The Volkswagen Group is taking a page from Tesla’s book by organizing a dedicated event to outline its battery plan needed to fuel its hugely ambitious electric car agenda for the rest of the decade. The inaugural Power Day will take place on March 15 per an announcement made by head honcho Herbert Diess on his LinkedIn account.
The event will be livestream for everyone to see and we’re expecting VW to detail how it plans to secure the necessary battery supply for its lineup of ID models as well as the many other electric vehicles coming from the Audi, Porsche, SEAT, and Skoda sub-brands. The core VW marque recently announced its intentions to increase the share of electric vehicle sales in Europe to 70 percent by 2030 or double compared to the previously announced target.
VW specifically says its event won’t include a new car reveal, meaning it’s all going to be about batteries in the same vein as the Tesla Battery Day. Whatever the brand has in store will also impact North America and China where the automaker is aiming for an EV share of 50 percent by the end of the decade. Many new zero-emissions are coming to follow the ID.3 hatchback and ID.4 SUV, including the ID.4 GTX, ID.5, and ID.6 all planned for a release later this year.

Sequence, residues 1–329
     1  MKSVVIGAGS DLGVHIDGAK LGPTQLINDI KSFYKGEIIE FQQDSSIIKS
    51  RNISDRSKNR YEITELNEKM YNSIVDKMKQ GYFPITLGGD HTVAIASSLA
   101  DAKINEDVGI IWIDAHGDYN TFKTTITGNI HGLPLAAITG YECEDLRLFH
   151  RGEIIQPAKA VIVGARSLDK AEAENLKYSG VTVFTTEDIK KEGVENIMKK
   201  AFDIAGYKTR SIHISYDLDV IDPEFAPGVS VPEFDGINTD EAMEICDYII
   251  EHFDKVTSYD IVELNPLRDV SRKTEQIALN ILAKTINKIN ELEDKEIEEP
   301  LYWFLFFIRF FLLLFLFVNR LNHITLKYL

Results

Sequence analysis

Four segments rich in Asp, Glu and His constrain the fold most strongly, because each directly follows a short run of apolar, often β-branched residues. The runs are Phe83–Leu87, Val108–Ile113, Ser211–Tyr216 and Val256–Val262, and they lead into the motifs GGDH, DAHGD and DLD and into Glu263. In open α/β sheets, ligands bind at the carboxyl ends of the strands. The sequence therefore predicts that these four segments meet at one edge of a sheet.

In addition, VW will introduce an electric Microbus in 2022, followed by an entry-level EV, tentatively called ID.1, in 2025. A year later, a sedan currently known by its “Trinity” codename will be launched on the Scalable Systems Platform, an evolution of today’s MEB architecture for vehicles with a completely flat floor.
Meanwhile, our guess is the VW Power Day will also talk about how battery research is going, especially since the German marque has announced Trinity will have an extra-long range and “extremely short charging times.” Its tie-ups with various cell manufacturers could also be a topic, and perhaps the subject of solid-state batteries will also be addressed.
Source: Herbert Diess / LinkedIn
🔋⚡️Join us for our global #VWGroup event – online on March 15, 2021, 1 p.m. CET.
— Herbert Diess (@Herbert_Diess) March 9, 2021